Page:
History is the rigorous search for truth but whose truth?
History enlightens but it can also deceive because it is always someone's version of history. Everyone listens to their own voices and while these illuminate they may also distort. They may even invent accounts that are rich in patriotic propaganda, accounts of a country that fancy their soldiers "possess the prowess of demi-gods." Historical writing of this nature tends more to magnify individuals and nurse national passions than uncover facts and reveal truth.
Much of the early and not a little of the later writing about the War of 1812 is history of this nature. Some call it history hunting for heroes. Knowledge of a nation's heroic past acts as patriotic cement which helps to bind a country together. For this reason both sides in this conflict sought to enhance national pride by exaggerating their valour and their victories - the headline version of history.
The accounts of battles fought written afterwards by some historians represented not just distortion but actual invention. An example of this distortion was written in connection with the Battle of Queenston Heights. The Americans were beaten badly at this battle and surrendered unconditionally. Despite this one historian's account stated, "Both sides mutually resorted to the bayonet and after a bloody conflict the members of the famous British regiment, the 49th, yielded to the superior energy of the Americans although we were far inferior in numbers." An American officer is reported as saying, "Our whole force under arms at the time was less than 300 with but one piece of artillery, yet I am well persuaded a retreat much less a surrender was not thought of and that the troops were in as high spirits as if we had been superior." In fact, shortly after the "high spirits," these same soldiers broke and fled frantically down the heights, many dashed to death on the rocks below as they fell pell mell down the steep slope.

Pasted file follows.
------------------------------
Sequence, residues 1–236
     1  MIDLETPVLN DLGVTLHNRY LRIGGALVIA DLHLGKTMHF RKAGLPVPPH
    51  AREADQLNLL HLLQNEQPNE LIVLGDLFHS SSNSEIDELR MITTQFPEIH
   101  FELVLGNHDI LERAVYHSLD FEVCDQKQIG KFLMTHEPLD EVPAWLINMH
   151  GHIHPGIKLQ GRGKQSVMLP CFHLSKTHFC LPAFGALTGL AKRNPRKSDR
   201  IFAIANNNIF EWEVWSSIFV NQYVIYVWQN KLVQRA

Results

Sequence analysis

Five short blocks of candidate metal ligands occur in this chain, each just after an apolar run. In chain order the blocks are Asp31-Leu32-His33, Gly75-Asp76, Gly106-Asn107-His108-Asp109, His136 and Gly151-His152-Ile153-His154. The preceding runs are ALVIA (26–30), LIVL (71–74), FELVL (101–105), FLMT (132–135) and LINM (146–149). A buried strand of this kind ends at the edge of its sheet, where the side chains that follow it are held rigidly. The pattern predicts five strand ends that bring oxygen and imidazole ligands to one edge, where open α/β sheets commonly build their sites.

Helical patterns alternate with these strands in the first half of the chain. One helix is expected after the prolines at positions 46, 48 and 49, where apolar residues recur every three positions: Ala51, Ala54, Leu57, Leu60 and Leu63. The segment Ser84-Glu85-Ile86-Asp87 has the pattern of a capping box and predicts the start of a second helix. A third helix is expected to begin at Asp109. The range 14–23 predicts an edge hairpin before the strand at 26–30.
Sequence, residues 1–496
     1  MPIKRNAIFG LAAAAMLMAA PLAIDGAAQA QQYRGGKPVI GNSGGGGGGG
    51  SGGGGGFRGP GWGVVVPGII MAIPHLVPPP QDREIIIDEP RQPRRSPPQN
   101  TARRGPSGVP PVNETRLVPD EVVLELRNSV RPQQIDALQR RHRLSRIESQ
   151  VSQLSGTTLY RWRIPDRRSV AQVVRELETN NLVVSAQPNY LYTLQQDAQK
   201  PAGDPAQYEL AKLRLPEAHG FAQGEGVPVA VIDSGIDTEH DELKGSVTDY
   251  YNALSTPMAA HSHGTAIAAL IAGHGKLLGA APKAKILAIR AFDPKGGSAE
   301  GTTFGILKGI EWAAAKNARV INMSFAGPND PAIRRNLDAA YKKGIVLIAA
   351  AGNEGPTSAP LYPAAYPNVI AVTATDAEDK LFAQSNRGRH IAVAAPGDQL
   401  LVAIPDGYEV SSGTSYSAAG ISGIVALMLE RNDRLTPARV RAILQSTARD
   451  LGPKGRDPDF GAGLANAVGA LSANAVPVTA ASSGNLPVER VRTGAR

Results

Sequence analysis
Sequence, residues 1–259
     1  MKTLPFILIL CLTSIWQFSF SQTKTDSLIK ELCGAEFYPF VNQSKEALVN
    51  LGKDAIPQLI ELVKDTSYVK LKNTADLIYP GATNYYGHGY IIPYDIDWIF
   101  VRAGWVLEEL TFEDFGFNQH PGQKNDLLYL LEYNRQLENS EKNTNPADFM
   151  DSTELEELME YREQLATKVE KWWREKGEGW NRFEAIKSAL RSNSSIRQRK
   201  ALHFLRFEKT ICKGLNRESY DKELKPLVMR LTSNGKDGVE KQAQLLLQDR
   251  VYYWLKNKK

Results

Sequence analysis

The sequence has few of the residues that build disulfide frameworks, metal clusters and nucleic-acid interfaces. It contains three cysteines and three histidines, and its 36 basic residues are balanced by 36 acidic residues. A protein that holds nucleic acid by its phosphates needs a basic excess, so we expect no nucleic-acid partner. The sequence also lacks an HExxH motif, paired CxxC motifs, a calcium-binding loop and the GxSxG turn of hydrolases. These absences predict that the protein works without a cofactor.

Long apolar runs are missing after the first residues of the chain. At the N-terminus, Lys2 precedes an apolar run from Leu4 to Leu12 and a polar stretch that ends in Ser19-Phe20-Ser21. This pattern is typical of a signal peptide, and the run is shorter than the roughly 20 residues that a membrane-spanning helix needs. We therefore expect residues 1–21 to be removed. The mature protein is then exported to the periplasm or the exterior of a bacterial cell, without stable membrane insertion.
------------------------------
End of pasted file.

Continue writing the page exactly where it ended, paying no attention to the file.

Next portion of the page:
At the time of this war the two societies were at different stages of development. The Americans, no matter how important their states and regions were, thought of themselves first and foremost as Americans, people of a new nation. British North America comprised a set of small, separate colonial dependencies. Americans focussed on their nation. British North Americans' pride was more local in outlook. The citizens of Upper Canada celebrated not so much a country as a community. With no nation to acclaim Canadians were left to laud the monarchy and the British Empire. Until well after Confederation popular historial literature tended to be regional and local in outlook. Americans were enraptured by their nation's patriotic past. They had only recently created a new country which they celebrated as the wonder of the world. For this reason according to one American historian, they were better at boasting because they never tired of eulogizing their new nation and its leaders.
The last battle of the War of 1812 was the Battle of New Orleans. While it was clearly won by the Americans it had no bearing whatsoever on the Treaty of Ghent, whose terms had already been agreed to much to the relief of both the Canadians and the Americans.
The treaty had been signed but not ratified by the warring parties. American leaders were more than happy to settle for status quo ante bellum, terms which required that each country give up its conquests and retire to the boundary as it was before the war. This provision was a real triumph for the Americans. While they had to relinquish their sole foothold in Canada -the outpost at Amherstburg on the Detroit River - the British and Canadians had to relinquish control of the whole of the eastern part of Maine, Fort Niagara, Fort Mackinac, posts in the Illinois country, the Grand Portage at the head of Lake Superior and ultimately their exclusive possession of Oregon. This meant despite Americans having lost their war of conflict, Britain was expected to yield it military acquisitions. The conclusion was that the war had been fought for nothing.